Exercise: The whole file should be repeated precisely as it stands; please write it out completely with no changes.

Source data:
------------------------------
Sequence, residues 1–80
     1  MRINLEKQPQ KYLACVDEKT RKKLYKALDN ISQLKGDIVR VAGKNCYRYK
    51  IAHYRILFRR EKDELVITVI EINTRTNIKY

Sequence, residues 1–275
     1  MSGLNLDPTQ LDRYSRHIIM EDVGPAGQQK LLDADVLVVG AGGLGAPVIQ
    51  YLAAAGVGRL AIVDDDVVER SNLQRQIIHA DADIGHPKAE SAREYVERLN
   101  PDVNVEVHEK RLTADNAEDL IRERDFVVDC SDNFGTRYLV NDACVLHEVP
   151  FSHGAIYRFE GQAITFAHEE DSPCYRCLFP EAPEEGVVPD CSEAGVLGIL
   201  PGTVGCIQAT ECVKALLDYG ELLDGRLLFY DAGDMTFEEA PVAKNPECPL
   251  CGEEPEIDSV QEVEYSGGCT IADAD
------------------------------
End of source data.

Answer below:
Sequence, residues 1–80
     1  MRINLEKQPQ KYLACVDEKT RKKLYKALDN ISQLKGDIVR VAGKNCYRYK
    51  IAHYRILFRR EKDELVITVI EINTRTNIKY

Sequence, residues 1–275
     1  MSGLNLDPTQ LDRYSRHIIM EDVGPAGQQK LLDADVLVVG AGGLGAPVIQ
    51  YLAAAGVGRL AIVDDDVVER SNLQRQIIHA DADIGHPKAE SAREYVERLN
   101  PDVNVEVHEK RLTADNAEDL IRERDFVVDC SDNFGTRYLV NDACVLHEVP
   151  FSHGAIYRFE GQAITFAHEE DSPCYRCLFP EAPEEGVVPD CSEAGVLGIL
   201  PGTVGCIQAT ECVKALLDYG ELLDGRLLFY DAGDMTFEEA PVAKNPECPL
   251  CGEEPEIDSV QEVEYSGGCT IADAD